A Kansas City waitress with dreams of becoming a nurse becomes delusional after seeing her no-good car salesman husband murdered. Becoming delusional from shock, she becomes convinced that she is the former fiancée of her soap opera idol. What she also believes is that the soap opera is real and goes to LA to find the hospital where he works as a cardiologist. Meanwhile, her husband's murderers are searching for the drugs stolen by her husband and, as luck would have it, they are stored in the trunk of the car she drove off in. Freeman, an aging hit man planning his retirement after this job, also becomes delusional about the woman he is tracking. Written by
John Sacksteder <email@example.com>
Kathleen Wilhoite and Pruitt Taylor Vince guest appeared together in the Quantum Leap (1989) episode "Moments to Live", where Sam is kidnapped by an obsessed, and mentally unstable, soap opera fan. See more »
When Betty drives away from her town, she is shown passing a "welcome to Kansas" sign which is on passenger side of the road facing her, even though she later says it is the first time she has ever left Kansas. See more »
How'd they describe her?
You know, blonde, thin, whatever.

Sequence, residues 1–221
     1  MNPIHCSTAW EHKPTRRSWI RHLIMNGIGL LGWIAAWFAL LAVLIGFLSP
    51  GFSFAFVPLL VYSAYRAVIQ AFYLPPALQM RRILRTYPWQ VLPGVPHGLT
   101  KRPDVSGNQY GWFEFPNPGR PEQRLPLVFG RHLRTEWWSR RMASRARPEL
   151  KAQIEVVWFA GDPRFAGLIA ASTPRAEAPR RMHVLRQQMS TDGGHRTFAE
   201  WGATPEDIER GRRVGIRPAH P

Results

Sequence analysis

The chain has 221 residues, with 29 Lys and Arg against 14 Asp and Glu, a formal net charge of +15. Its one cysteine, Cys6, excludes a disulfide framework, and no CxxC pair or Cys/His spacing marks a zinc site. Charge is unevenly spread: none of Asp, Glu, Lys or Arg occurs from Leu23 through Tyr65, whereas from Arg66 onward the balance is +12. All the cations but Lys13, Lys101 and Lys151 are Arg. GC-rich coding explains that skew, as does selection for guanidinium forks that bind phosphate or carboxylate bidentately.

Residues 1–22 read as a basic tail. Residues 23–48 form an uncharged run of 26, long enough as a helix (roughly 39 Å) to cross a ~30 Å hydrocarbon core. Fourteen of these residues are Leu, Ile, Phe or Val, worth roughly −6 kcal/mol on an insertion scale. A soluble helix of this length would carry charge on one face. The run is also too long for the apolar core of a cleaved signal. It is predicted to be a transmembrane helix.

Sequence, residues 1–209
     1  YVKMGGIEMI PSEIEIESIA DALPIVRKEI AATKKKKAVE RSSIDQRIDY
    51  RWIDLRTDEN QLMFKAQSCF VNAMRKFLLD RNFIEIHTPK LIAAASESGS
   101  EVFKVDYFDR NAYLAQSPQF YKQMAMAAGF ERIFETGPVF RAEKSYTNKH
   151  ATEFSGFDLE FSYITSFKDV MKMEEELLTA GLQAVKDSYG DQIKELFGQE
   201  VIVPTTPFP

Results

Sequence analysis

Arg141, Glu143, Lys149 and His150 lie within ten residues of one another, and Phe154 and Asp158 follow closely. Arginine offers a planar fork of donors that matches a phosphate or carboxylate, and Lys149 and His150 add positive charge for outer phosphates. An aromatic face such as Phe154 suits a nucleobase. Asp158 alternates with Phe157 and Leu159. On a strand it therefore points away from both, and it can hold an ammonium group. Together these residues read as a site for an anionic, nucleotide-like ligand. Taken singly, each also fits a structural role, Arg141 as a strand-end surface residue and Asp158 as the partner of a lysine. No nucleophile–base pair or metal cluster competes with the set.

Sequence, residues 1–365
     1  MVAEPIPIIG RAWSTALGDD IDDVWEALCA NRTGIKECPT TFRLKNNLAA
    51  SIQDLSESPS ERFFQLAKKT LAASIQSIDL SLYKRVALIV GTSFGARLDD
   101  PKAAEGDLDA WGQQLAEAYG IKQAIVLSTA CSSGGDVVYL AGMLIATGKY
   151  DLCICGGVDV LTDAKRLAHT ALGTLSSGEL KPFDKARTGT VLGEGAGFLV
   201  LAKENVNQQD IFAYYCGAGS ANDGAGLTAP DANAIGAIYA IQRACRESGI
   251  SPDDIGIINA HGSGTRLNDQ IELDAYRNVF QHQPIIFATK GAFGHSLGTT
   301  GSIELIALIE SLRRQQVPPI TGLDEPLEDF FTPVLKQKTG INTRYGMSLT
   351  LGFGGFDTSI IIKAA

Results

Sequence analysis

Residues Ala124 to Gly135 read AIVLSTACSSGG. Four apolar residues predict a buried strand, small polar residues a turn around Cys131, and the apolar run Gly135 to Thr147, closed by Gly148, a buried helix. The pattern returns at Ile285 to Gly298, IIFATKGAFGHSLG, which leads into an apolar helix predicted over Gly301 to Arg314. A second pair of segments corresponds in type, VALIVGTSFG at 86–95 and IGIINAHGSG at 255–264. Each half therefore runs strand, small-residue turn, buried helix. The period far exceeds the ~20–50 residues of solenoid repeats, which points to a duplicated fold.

Slow down: blonde, thin, yeah. Did they say anything about style? Did they mention grace?
See more »
To sum this movie up, it is LaBute carrying his sadism over into the realm of comedic farce. The predictable result is that he is constantly stepping on all the jokes by insisting on surrounding them with blood-curdling violence and extremely hateful characters. There is also evidence of his continuing efforts to insult and ridicule everything in sight but then to apologize for it with weak gestures to the PC. Basically the movie just doesn't work, its plot is beyond contrived, the characters are one-dimensional cliches, there is no consistency or development of anything, and the comedy (where it is not totally out of place) is the worst kind of High Concept drivel.
Morgan Freeman and Renee Zellweger are completely wasted on characters that seem like parodies of studio-driven audience pandering--no matter what, make them likeable, neutral (and neutered), and full of moral platitudes. Crispin Glover is in here just long enough to convince you that he doesn't belong in movies anymore. Chris Rock actually has negative chemistry with fellow hitman Freeman--it's as if they are acting in different rooms even when they are two inches away from each other. In effect, Chris Rock seems like a digital insert. At least he isn't as annoying as Jar-Jar.
LaBute's 15 minutes may well be up by now. It's already looking like he's overstayed his welcome.
3 of 3 people found this review helpful.
Was this review helpful to you?
| Report this